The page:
Cost of living | Why your mental health strategy needs to focus on financial wellbeing

Why your mental health strategy needs to focus on financial wellbeing

By Jason Butler, Head of Financial Education at Salary Finance

Employees are struggling with financial wellbeing

We’re all going through a rough patch at the moment. It won’t be news to you that we’re facing escalating expenses which are putting millions of us through a cost of living squeeze.

Our recent cost of living research highlights that 53% of UK employees are struggling more with their finances since Covid-19 and 70% find themselves short by £600 annually – with 2 in 3 of those short by £1,200 each year.

Finances are affecting mental health & productivity

There’s an undeniable link between someone’s finances, their mental health and ability to be productive at work.

Our research shows that 82% of working people worry about their finances at least once a week. Of those, 51% say they worry daily – twice as many compared to last year.

And the mental health impact is clear – 95% of those who worry about their finances say it has a negative impact on their mental health.

A positive is that 3 in 4 employees agree their mental health would improve if their employer gave immediate financial wellbeing support and benefits. That’s working people in the UK directly saying they need and want help with their finances.

These issues should make businesses take note, especially as 40% of employees say their financial wellbeing affects their ability to be productive at work. This is costing businesses £28 billion a year due to 38.9 million hours each week being lost to poor financial wellbeing.

Supporting your people during tough financial times isn’t just morally right, it can increase employee productivity as well. They’re two compelling reasons to invest more time, effort and resources into your employees’ financial wellbeing.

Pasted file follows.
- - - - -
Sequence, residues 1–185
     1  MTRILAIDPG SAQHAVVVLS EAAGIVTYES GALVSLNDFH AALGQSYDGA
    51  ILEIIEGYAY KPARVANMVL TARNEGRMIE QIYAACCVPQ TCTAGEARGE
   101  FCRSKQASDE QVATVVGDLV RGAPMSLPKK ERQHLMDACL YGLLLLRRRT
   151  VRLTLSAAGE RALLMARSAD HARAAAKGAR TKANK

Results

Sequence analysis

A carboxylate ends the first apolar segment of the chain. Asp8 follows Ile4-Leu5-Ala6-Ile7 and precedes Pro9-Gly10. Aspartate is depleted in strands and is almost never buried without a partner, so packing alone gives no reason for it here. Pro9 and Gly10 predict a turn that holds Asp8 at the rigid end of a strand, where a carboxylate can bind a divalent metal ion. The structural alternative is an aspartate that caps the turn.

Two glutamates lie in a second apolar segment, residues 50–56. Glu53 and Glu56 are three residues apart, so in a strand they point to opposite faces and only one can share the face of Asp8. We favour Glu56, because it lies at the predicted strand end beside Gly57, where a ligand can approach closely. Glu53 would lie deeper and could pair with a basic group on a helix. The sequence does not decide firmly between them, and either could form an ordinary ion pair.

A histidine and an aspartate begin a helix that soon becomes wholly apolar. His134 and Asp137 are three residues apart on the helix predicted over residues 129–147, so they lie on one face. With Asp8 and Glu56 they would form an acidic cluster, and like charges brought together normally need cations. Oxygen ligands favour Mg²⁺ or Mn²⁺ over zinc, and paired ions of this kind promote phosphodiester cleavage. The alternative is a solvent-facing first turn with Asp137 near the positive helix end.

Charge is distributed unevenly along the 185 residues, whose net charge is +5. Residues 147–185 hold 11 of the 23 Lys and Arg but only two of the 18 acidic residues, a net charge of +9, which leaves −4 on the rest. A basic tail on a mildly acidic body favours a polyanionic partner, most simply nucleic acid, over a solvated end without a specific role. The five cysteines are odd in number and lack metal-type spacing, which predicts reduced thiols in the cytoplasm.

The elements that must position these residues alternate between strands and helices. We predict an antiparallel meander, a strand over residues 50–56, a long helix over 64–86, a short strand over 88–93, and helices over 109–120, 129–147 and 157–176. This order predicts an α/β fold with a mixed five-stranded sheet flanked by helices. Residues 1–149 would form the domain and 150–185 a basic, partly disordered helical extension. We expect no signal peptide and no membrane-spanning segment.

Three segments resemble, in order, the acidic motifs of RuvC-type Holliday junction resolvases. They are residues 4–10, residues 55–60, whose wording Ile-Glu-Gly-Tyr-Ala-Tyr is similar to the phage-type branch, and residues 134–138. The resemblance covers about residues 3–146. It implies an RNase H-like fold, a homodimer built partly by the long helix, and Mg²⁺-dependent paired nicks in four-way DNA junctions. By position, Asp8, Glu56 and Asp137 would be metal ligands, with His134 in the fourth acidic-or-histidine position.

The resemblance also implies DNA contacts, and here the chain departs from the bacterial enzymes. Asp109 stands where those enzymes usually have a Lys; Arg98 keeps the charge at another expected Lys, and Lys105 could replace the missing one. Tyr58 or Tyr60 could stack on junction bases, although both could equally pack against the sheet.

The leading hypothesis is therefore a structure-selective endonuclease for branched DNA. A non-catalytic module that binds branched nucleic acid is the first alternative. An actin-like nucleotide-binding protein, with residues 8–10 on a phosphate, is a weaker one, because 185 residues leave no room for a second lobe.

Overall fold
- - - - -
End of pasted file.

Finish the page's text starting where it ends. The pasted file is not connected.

Incorporating financial wellbeing into your mental health strategy

So we know that working people’s worsening finances are affecting their mental health and ability to be productive – but what can you do to improve your wellbeing strategy?

Here are three practical steps:

1. Acknowledge the cost of living squeeze

Your organisation has to acknowledge that we’re all facing difficult financial times right now and be sympathetic to the fact that a significant proportion of your people might be struggling. Outline what financial help and support they can get right now, including signposting existing benefits and external resources.

That level of openness and transparency is powerful because it shows employees you're not trying to pull the wool over their eyes but there to actually support them.

2. Open up about money in a relatable way

Who leads the financial wellbeing conversation in your organisation? Senior leaders need to be on board, but are employees likely to resonate with a CEO earning many times more than them?

Some of the most powerful voices in your business are those who might be perceived to have less status and power. Your people will resonate much more with the stories, insights and opinions of colleagues like them, as well as not feeling they are on their own.

3. Help managers to support financial wellbeing

Upskill managers and other trusted voices in your business on the financial wellbeing benefits you provide and empower employees to feel comfortable to talk about their situation. Only then will employees get the right financial support, enabling them to be more productive and mentally fit for work.

For more on this, we’ve put together a guide on three ways to help managers support financial wellbeing which you can get here.

Get a deeper understanding on the cost of living impact

We surveyed 1,000 working people across the UK to give you a deeper understanding of how the cost of living squeeze is impacting financial wellbeing and mental health.

In our report, Backing Your People Through the Cost of Living Squeeze, you'll see how employees are coping with their finances and get tools you can use to support your people right now.

Download report